- Blank-check companies looking for their next target could drive $300 billion in mergers and acquisitions over the next two years, according to Goldman Sachs.
- A hunt for yield, the shift in focus from value to growth stocks, and retail investors looking for early-stage businesses has driven investor interest in SPACs in 2020, strategists said.
- "If this year's 5x ratio of SPAC equity capital to target M&A enterprise value persists, the aggregate enterprise value of these future takeover targets would be $300 billion," they noted.
- The strategists warned that weak returns represent one headwind to future SPAC issuance.
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Blank-check companies looking to merge with or acquire another company could drive $300 billion in M&A activity over the next two years, Goldman Sachs said on Monday.
About 205 special purpose acquisition companies have raised a record $70 billion in IPO proceeds year-to-date, representing a five-fold increase from 2019, strategists led by David Kostin wrote. SPAC IPOs this year account for 52% of the $124 billion raised via 356 US IPOs.
Three major factors drove investor interest in 2020, or what they called "the year of the SPAC." These include a shift in focus from value stocks to growth stocks, retail investors keen on non-traditional and early-stage businesses, and a hunt for cash substitutes when key policy rates are near zero.
Goldman estimates that 205 SPACs will need to acquire a target in 2021 or 2022, based on their 24-month post-IPO expiration dates.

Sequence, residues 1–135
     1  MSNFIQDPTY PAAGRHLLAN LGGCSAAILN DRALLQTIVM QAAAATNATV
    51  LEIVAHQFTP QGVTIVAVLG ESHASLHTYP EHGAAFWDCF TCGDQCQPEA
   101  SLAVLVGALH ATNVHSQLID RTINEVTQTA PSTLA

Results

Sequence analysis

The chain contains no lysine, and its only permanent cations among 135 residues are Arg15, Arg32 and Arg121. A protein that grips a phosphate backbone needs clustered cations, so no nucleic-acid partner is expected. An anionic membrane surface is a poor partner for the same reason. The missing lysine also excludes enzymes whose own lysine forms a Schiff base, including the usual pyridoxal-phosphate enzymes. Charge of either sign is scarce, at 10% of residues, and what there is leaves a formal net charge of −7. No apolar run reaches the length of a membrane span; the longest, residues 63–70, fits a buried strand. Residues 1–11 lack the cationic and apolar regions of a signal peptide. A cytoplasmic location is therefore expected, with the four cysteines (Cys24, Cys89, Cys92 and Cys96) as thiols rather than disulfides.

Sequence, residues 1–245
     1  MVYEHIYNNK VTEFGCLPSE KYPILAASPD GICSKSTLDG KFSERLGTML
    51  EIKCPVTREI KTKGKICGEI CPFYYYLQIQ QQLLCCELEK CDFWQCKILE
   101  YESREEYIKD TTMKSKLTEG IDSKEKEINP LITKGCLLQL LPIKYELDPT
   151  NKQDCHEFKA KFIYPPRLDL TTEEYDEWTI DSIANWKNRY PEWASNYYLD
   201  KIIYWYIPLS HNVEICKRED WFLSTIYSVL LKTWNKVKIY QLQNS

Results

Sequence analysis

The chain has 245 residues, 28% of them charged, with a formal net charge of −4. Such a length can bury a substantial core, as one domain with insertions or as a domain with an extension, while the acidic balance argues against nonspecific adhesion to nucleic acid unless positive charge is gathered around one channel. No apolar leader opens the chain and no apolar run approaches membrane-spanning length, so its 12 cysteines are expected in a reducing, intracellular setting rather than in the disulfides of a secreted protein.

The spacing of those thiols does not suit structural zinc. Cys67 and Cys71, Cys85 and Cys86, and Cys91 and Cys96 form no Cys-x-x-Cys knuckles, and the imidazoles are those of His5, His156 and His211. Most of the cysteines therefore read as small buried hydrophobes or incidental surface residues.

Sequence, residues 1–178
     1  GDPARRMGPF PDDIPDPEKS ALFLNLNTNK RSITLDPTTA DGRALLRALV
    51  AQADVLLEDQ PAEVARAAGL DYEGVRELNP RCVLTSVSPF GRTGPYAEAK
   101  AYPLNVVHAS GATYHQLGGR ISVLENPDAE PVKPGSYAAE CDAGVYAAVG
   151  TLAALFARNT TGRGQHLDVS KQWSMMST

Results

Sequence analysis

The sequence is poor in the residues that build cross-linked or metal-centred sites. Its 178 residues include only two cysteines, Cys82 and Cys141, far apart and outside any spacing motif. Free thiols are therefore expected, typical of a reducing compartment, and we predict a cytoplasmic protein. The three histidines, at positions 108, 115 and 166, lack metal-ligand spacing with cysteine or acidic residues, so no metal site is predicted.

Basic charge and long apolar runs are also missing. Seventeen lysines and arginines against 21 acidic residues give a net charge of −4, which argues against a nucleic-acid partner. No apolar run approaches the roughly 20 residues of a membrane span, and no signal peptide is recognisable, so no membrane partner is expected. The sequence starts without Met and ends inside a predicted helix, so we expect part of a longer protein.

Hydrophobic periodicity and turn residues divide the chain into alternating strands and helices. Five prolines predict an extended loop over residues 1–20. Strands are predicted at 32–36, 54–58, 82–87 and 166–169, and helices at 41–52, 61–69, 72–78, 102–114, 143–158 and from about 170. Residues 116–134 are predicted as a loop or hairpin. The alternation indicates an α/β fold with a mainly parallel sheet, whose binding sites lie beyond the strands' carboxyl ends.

"If this year's 5x ratio of SPAC equity capital to target M&A enterprise value persists, the aggregate enterprise value of these future takeover targets would be $300 billion," the strategists said.
SPACs serve as a cheaper and faster alternative to the traditional IPO route as they are created solely to merge with or acquire other businesses, and take the merged entity public. Even after a SPAC goes public, it could take up to two years to find a desirable M&A target. If it doesn't, the SPAC is liquidated, and funds raised are meant to be returned to investors.
2020 has seen prominent entrepreneurs, hedge-fund managers, and popular celebrities like Bill Ackman, Richard Branson, Michael Jordan, and Shaquille O'Neal become involved in SPACs, and the blank-check firms were led to market by investment banks like Morgan Stanley, Credit Suisse, and Goldman Sachs.
"We expect a high level of SPAC activity will continue into 2021," Goldman Sachs said, and warned that weak post-acquisition returns represent a headwind to future SPAC issuance.